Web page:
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Sunni Militants Claim Beirut Blast

  • Edward Yeranian

A Lebanese army soldier carries two injured children away from the site of an explosion near the Kuwaiti Embassy and Iran's cultural center, in the suburb of Beir Hassan, Beirut, Lebanon, Feb. 19, 2014.

A Lebanese army soldier carries two injured children away from the site of an explosion near the Kuwaiti Embassy and Iran's cultural center, in the suburb of Beir Hassan, Beirut, Lebanon, Feb. 19, 2014.

Two suicide attackers detonated cars stuffed with explosives Wednesday in Beirut's mostly Shi'ite southern suburbs, close to the Iranian Cultural Center and a nearby Islamic orphanage. Health Minister Wa'el Abou Faour told journalists at least four people were killed and more than 100 were wounded.

Fire and rescue workers doused the burning wreckage of a late-model BMW car. The driver blew himself up in front of the Iranian Cultural Center in Beirut's southern suburbs, a mostly Shi'ite Muslim area that is a stronghold of Hezbollah fighters. A second suicide bomber detonated his vehicle less than 100 meters away, in front of an Islamic orphanage, injuring several children, but killing no one but himself.

Lebanese media urged citizens to donate blood to help victims of the explosions.

Civil defense members and civilians put out a fire at the site of an explosion in the southern suburbs of Beirut, Feb. 19, 2014.

Civil defense members and civilians put out a fire at the site of an explosion in the southern suburbs of Beirut, Feb. 19, 2014.

A Sunni militant group calling itself the Abdullah Azzam Brigades claimed responsibility for the blasts, according to Lebanese satellite channels. Lebanese security forces arrested several members of the group 10 days ago as suicide bombers in training. The group's leader reportedly died in government custody after being arrested at a Beirut hospital.

Faour sees the bombings as a message to Lebanon's fractious political establishment, since the attack came just days after formation of a new government.

He says there is a double message from the bombings: that the formation of the government did not solve the conflict facing the country, and a second message that the new government must work even faster to find a political entente [accord].

Investigating magistrate Judge Saqr Saqr told Lebanese media that one of the suicide vehicles was packed with 90 kilograms of explosives, and the second carried 70 kg. Both vehicles had been stolen.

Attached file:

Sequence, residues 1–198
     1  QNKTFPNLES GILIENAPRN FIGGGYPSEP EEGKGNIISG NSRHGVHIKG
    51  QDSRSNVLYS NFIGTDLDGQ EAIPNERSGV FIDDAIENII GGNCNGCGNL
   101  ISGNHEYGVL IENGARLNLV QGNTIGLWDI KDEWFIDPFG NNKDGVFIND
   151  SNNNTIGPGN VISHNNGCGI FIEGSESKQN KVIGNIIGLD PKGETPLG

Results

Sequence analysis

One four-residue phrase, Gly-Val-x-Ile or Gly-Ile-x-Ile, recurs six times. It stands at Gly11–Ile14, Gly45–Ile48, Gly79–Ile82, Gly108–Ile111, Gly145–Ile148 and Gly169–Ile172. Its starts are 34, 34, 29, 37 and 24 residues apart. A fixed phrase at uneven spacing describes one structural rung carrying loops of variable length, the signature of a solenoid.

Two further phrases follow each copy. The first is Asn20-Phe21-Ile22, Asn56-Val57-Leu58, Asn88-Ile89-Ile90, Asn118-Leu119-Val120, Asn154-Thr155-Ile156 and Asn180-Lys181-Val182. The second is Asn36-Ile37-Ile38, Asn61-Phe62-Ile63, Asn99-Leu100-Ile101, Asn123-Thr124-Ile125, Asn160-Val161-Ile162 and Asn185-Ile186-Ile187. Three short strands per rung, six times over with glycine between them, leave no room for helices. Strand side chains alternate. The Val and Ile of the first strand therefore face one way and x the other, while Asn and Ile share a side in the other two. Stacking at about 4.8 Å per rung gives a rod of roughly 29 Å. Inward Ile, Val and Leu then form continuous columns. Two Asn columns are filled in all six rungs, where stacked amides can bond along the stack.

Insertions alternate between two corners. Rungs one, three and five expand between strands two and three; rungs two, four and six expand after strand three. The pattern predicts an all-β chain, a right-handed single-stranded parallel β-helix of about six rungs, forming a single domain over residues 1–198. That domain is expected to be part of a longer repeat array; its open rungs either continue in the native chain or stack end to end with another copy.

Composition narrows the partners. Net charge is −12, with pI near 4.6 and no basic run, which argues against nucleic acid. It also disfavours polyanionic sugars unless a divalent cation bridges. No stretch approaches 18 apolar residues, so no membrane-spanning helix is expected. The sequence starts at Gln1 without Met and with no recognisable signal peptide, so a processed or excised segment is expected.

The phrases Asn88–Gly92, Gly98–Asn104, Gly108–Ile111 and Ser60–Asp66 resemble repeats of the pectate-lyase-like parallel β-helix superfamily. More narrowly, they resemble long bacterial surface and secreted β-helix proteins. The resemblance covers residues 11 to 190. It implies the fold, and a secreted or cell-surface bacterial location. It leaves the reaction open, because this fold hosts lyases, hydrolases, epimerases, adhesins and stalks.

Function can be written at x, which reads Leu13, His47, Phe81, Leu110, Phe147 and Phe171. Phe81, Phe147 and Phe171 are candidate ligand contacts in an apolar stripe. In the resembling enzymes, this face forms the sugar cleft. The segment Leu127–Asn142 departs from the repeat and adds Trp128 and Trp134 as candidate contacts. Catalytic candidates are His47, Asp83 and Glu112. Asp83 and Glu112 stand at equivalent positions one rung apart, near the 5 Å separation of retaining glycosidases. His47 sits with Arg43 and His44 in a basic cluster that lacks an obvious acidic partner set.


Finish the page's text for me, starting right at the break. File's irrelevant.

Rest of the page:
Interior Minister Nouhad Mashnouq said the new government will take all necessary steps to put a stop to terrorism both in Lebanon and in neighboring Syria.

He says there are unguarded border crossings with Syria that stolen vehicles intended to deliver explosives can cross easily. The minister said Lebanon must put a stop to these "death traps" on its side of the Bekaa Valley, and that all political forces must cooperate in that effort.

Iranian Ambassador Ghazanfar Ruknabadi told reporters at the Lebanese prime minister's office that he "deplored the loss of life of all victims of the bombings," especially a Lebanese security officer who prevented one of the bombers from getting close to the Iranian Cultural Center. He said no Iranians were killed or wounded in the blasts.


The Iranian Embassy compound was gutted in another suicide attack in Beirut's southern suburbs just three months ago.

Tensions between Lebanon's Sunni and Shi'ite Muslim communities have been extremely tense due to the sectarian civil war raging in neighboring Syria, and tit-for-tat bombings have rocked the country for months. Lebanon's pro-Iranian Shi'ite Hezbollah militia has been fighting inside Syria on the side of the government of President Bashar al-Assad.

One of Hezbollah's political leaders in parliament, Ali Ammar, said his group would "continue to fight in Syria on the side of the the government, no matter what the cost."

Hezbollah's overall leader, Sheikh Hassan Nasrallah, has insisted repeatedly that his fighters are "defending Shi'ite holy sites inside Syria." Hundreds of Hezbollah members recently have been fighting Syrian Sunni rebels in the mountainous border region with Lebanon known as Qalamoun.

An Iranian member of parliament said publicly last week that his country has trained "thousands" of Shi'ite fighters from Iraq, Lebanon and elsewhere to "fight on the side of the Assad government." Many Arab analysts accuse the chief of Iran's Revolutionary Guards, Qassem al Suleimani, of spearheading the Sunni-Shi'ite war that is raging in Syria, Iraq and Lebanon.
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